The reason the chances of drawing one of the needles from the haystack is 0% is because of the different size (cardinality) of the infinities involved. There are a bunch of needles, make no mistake, but for every needle, there is an infinite number of pieces of hay. So, the chance that the thing you draw from the haystack is a needle is 1/infinity.

We donât have a good way to understand what that means until we approach it with the concept of limits. We say âlimit of f(x)= 1/x as x approaches positive infinityâ and it turns out, thatâs 0.

Actually, itâs that **every** rational number, when expressed as a âdecimalâ is an infinite sequence of repeating digits, *no matter what the base*. It so happens that some rational numbers tail out with an infinite sequence of repeating zeros, which we customarily donât bother to write.

Itâs about a wash as to whether itâs tidier to write 1/3 or 0.3âŚ But itâs definitely easier to write 1/7 than it is to write 0.142857âŚ In most cases the representation of a rational number as a ratio is more compact.

Keep in mind that my explanation is very informal, since it basically amounts to saying âeven though theyâre both infinite, there are infinitely many more real numbers than rational numbersâ.

Part of the problem (essentially, what makes it counterintuitive) is that thereâs a lot of machinery needed to even correctly state the question. Standard probability computations work fine when youâre dealing with finite situations, but they run into trouble when youâre looking at something âsufficiently infiniteâ.

That is, assuming everything is random, the odds of getting a coin to come up heads twice in a row is 1/4. There are 4 possible outcomes (HH, HT, TH, TT) and 1 favorable outcome (HH). So, you can just divide 1 by 4 to get the answer.

In the real numbers case, however, you canât just divide by infinity, so you need to correctly define what it means to *determine the probability* of hitting a number before you can even ask what is the probability of hitting a real number.

The correct approach is to define a specific way of measuring probability for continuous spaces (i.e. ones that donât have any gaps; consider real numbers vs. rational numbers or finite sets). This is again somewhat complicated, and itâs where you might encounter probability distributions (e.g. the normal distribution) or even *probability measures* (special functions that mimic the standard probability computation outside of finite/discrete cases).

Using these notions it is possible to rigorously state what we mean by âthe probability of an arbitrary number on the real number line being rational is 0â (the actual statement would look more like: âthe measure of the set of rational numbers on the real number line is 0â).

Hi Mike, I hope you donât feel piled up on.

The irrational numbers just sit between the rational numbers. You can give them any useful name, and you can estimate their location on a number line in relationship to another number. After all, we know that âpiâ sits between â3â and â4â on an integer line, and is between â3.125â and â3.25â on a rational number line.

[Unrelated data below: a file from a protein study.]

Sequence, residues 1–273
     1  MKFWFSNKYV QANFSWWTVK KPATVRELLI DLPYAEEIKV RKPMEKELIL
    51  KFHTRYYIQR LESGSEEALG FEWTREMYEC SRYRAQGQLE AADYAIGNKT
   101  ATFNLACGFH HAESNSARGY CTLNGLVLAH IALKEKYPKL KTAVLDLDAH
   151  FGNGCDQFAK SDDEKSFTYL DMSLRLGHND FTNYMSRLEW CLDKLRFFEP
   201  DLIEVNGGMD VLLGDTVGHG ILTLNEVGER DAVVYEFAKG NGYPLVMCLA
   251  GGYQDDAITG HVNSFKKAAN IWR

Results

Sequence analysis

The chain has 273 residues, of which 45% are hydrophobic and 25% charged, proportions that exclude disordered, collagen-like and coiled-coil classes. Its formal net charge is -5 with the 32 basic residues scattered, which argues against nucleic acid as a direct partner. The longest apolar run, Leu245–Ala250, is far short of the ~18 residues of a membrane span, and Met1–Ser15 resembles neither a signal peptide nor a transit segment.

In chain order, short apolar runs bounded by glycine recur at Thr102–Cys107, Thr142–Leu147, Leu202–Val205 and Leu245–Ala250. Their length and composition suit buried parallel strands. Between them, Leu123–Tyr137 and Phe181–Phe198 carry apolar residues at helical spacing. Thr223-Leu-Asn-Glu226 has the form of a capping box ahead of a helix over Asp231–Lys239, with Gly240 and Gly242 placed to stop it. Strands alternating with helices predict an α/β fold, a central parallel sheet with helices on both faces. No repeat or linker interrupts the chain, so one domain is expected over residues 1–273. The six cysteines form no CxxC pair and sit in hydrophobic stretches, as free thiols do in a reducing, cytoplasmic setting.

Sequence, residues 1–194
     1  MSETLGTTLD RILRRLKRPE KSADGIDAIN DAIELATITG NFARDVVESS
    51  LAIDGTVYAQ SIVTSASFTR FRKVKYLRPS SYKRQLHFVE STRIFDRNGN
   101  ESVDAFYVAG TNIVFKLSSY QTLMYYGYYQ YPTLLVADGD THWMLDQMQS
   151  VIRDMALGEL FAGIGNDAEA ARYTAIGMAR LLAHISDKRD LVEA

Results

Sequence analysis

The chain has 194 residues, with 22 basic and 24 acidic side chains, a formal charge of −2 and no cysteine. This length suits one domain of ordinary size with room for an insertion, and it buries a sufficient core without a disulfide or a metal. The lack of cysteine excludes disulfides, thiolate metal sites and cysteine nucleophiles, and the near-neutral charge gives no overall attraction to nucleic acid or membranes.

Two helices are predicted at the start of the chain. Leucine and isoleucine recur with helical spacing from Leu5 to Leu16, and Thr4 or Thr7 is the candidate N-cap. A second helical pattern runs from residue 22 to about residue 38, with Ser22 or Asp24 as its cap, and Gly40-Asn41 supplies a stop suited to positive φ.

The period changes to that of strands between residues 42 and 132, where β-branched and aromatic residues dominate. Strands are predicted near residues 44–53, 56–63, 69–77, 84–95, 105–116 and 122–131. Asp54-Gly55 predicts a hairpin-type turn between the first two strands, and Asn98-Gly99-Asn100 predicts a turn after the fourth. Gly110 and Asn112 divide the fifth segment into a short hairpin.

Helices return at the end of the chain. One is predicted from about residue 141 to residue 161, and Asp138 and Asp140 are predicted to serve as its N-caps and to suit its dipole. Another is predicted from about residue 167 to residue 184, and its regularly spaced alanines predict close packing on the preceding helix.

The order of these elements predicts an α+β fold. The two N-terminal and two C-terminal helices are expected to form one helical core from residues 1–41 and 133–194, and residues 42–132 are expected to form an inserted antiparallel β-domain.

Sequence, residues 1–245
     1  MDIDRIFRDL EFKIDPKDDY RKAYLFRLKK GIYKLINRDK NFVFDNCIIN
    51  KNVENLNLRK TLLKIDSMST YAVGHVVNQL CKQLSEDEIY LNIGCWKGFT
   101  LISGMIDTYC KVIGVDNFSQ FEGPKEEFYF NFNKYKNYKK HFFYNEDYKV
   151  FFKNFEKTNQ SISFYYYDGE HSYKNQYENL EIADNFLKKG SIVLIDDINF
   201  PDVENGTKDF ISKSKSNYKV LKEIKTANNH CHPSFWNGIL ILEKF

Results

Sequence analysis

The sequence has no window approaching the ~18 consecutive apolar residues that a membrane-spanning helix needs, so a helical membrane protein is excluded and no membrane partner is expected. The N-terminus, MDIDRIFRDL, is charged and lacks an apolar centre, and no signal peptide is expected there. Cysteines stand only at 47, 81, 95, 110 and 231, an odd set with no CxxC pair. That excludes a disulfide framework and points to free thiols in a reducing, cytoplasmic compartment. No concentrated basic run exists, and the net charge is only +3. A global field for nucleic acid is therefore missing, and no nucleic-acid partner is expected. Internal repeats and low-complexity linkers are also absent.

Because you canât express irrational numbers algebraically, you have to arrange them in relationship to real numbers and other irrational numbers, but theyâre still countable/estimate-able.

I agree with chenille that metaphor of the dart is about chance - not physicality. Vi is trying to express how odds/probability are effected by the multiple types of infinities contained on a single number line. Hereâs a simplified example:

In this integer set, Iâm counting by tens: -10,0,10

There are three items, and my chance of hitting my choice is 1/3. (33%)

My odds of hitting any of the three is 3/3. (100%)

In this integer set, Iâll count by ones:

-10,-9,-8,-7,-6,-5,-4,-3,-2,-1,0,1,2,3,4,5,6,7,8,9,10

There are 21 items and my odds have changed.

Now my odds of hitting any one I choose is 1/21. (5%)

My odds of hitting any of the original 3 is 3/21. (14%)

My odds of hitting any of the new numbers is 18/21. (86%)

So thatâs just from changing a short number line with easily counted numbers, and Vi is talking about how you fill the gaps with infinities.

I donât think thatâs what she meant, but I like what you said!

No, thatâs not true

Examples of countable sets include the integers, algebraic numbers, and rational numbers. Georg Cantor showed that the number of real numbers is rigorously larger than a countably infinite set, and the postulate that this number, the so-called âcontinuum,â is equal to aleph-1 is called the continuum hypothesis. Examples of nondenumerable sets include the real, complex, irrational, and transcendental numbers.

Algebraic numbers are roots, and ratios of roots. Things such as pi and e and so forth are transcendental. Only a few of the transcendental numbers have names, but there are infinitely more of them than there are of algebraic numbers, or integers, or rational numbers)

Edited for clarity: I wasnât referring to the set of all irrationals - I was referring to their individual placement on a number line. Sorry if that wasnât clear somehow.

To better explain - pi, which we often estimate at 3.14159, rests between 3.14 and 3.15 on a number line. I was just explaining to Mike how you could fill a number line with irrational numbers - by knowing the location of the rational numbers surrounding them, you can name the placement of the irrational numbers between.

Watch it all the way through. Wait for itâŚ wait for itâŚ the last 3 words are gold.